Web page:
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NM PBS logo.png
AlbuquerqueSanta Fe, New Mexico
United States
CityAlbuquerque, New Mexico
ChannelsDigital: 35 (UHF)
Virtual: 5
BrandingNM PBS
Affiliations5.1: PBS (1970–present)
5.2: PBS Kids
5.3: FNX
5.4: World
5.5: Create
OwnerUniversity of New Mexico
Albuquerque Public Schools
(The Regents of the University of New Mexico & the Board of Education of the City of Albuquerque, New Mexico)
First air date
May 1, 1958 (62 years ago) (1958-05-01)
Former channel number(s)
5 (VHF, 1958–2009)
NET (1958–1970)
V-me (2007–2017)
Call sign meaning
New Mexico Education
Technical information
Licensing authority
Facility ID55528
ERP250 kW
HAAT1,287 m (4,222 ft)
Transmitter coordinates35°12′49.8″N 106°27′3.3″W / 35.213833°N 106.450917°W / 35.213833; -106.450917
Translator(s)See below
Public license information

KNME-TV, virtual channel 5 (UHF digital channel 35), branded on-air as NM PBS, is a Public Broadcasting Service (PBS) member television station licensed to Albuquerque, New Mexico, United States. Jointly owned by the University of New Mexico and Albuquerque Public Schools, it is a sister station to Santa Fe-licensed KNMD-TV (channel 9). The two stations share studios on UNM's North Campus on University Boulevard Northeast in Albuquerque; KNME-TV's transmitter is located atop Sandia Crest.


In 1957, the University of New Mexico Board of Regents and Albuquerque Public Schools reached a deal to jointly file for the channel 5 educational allocation in Albuquerque.[1] The application was filed with the Federal Communications Commission on July 19 and granted on October 23.[2] Plans were drawn up to use the new station to beam junior college classes to outlying areas,[3] while a studio was set up in a converted sorority house on the UNM campus.[4]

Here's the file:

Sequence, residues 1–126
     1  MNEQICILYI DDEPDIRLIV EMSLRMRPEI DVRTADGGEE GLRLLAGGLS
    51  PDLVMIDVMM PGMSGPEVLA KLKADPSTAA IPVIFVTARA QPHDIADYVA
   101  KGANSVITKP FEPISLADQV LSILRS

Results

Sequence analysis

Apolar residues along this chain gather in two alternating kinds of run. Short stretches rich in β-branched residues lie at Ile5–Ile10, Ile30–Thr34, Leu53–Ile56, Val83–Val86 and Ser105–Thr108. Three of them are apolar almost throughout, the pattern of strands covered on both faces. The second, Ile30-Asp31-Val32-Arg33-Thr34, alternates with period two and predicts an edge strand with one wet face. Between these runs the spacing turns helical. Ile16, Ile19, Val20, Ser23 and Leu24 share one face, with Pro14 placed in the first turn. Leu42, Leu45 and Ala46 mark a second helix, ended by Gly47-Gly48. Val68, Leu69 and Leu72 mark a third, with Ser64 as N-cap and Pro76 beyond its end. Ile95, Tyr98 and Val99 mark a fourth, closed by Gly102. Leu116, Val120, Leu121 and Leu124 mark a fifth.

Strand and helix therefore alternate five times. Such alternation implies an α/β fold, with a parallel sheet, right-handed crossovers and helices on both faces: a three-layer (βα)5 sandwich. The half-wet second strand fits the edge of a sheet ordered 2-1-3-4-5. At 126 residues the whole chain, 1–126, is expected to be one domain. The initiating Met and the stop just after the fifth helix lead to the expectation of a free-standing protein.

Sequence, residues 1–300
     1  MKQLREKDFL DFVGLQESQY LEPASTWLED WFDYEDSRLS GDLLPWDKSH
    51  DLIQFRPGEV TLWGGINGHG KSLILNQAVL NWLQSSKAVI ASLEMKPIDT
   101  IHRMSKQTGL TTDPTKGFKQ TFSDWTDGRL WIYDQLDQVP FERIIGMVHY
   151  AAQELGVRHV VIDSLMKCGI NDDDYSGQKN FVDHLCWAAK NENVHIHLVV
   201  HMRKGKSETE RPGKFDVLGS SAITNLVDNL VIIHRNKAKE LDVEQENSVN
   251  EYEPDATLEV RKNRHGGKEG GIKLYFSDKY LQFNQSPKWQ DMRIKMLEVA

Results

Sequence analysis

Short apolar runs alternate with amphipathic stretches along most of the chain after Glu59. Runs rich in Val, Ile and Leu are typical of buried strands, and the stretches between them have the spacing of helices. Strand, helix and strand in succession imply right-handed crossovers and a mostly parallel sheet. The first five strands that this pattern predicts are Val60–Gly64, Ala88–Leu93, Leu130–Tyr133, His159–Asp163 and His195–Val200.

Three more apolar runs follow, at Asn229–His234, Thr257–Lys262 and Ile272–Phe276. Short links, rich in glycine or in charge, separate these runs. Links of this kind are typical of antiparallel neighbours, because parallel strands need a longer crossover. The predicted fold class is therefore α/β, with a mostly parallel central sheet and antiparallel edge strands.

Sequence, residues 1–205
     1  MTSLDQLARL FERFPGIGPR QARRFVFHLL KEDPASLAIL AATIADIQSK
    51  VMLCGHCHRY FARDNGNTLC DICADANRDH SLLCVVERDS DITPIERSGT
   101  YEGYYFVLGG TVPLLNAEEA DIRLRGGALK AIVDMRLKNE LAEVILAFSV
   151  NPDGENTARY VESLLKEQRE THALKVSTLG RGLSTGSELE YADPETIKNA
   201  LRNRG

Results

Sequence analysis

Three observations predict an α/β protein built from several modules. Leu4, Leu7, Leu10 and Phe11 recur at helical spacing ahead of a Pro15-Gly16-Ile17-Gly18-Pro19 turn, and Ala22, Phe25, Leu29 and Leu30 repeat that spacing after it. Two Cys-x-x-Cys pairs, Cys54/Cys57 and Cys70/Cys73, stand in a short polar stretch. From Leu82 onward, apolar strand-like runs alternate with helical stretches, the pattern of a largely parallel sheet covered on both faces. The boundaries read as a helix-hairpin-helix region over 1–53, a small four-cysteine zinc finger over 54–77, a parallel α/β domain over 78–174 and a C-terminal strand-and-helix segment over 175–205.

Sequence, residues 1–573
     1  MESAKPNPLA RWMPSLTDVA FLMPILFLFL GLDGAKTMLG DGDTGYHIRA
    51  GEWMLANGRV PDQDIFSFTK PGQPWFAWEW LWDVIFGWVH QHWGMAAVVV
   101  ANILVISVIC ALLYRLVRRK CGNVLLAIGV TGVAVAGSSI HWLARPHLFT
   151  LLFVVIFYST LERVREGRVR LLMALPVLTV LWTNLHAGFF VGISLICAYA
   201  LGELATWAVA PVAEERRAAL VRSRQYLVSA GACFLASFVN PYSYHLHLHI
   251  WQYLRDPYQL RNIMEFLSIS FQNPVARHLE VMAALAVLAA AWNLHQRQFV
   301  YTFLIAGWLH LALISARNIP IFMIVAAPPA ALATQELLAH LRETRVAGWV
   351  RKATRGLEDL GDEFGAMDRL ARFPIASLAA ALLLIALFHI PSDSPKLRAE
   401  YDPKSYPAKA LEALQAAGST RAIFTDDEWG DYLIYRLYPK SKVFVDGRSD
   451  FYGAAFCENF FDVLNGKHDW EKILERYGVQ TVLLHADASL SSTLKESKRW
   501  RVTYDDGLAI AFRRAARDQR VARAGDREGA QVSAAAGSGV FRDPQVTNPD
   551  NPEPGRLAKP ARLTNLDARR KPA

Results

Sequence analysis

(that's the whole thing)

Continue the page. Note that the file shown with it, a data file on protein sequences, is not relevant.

Edith Buchanan's English class was the first program broadcast over KNME-TV on May 1, 1958.[5] By 1960, the station had expanded from college courses to provide programs for Albuquerque public school students in science and Spanish.[6] That same year, a Ford Foundation grant enabled the station to purchase its first video tape equipment.[7] In 1969, KNME began live coverage of the New Mexico state legislature.[7]

Local programs have included reports leading up to and after the New Mexico State Penitentiary riot and the Peabody Award-winning series Surviving Columbus on the Pueblo Indians (1992).[7]

Digital television[edit]

Digital channels[edit]

The station's digital signal is multiplexed:

Channel Video Aspect PSIP Short Name Programming[8]
5.1 1080i 16:9 NMPBS Main KNME-TV programming / PBS
5.2 480i PBSKids PBS Kids
5.4 1080i World World
5.5 480i Create Create

KNME-TV was first in New Mexico to broadcast a digital signal, signing on KNME-DT in 2001.[7] On January 18, 2017, PBS Kids replaced the Spanish-language V-me network, which had aired on channel 5.2 for about ten years, with V-me planning to transition to a commercial cable channel in 2017.[9] The channel, however, had never caught on with Spanish-speaking audiences. Since Fall 2016, KNME carries First Nations Experience (FNX), a channel devoted to Native American programming.

On February 15, 2021, World Channel began airing on channel 5.4 and Create debuted on 5.5. These channels, simulcasts of KNMD-TV 9.1 and 9.2, were added in preparation for KNMD-TV's planned June 30 conversion to ATSC 3.0 format; KNMD-TV will simulcast the entire KNME multiplex.[10]